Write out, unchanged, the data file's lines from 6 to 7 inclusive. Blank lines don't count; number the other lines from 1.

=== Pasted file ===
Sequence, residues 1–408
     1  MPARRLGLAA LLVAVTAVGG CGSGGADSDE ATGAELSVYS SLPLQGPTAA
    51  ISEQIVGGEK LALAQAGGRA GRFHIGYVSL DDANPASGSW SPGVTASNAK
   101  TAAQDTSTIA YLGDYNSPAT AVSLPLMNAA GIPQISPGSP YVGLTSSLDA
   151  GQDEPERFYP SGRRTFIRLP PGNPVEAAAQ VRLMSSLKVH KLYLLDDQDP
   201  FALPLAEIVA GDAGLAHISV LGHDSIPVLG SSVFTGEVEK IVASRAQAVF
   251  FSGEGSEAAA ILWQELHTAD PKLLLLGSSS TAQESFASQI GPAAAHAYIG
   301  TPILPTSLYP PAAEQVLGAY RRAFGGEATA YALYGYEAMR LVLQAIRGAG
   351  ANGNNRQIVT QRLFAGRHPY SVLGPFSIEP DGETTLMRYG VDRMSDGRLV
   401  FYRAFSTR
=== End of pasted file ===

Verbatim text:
   201  FALPLAEIVA GDAGLAHISV LGHDSIPVLG SSVFTGEVEK IVASRAQAVF
   251  FSGEGSEAAA ILWQELHTAD PKLLLLGSSS TAQESFASQI GPAAAHAYIG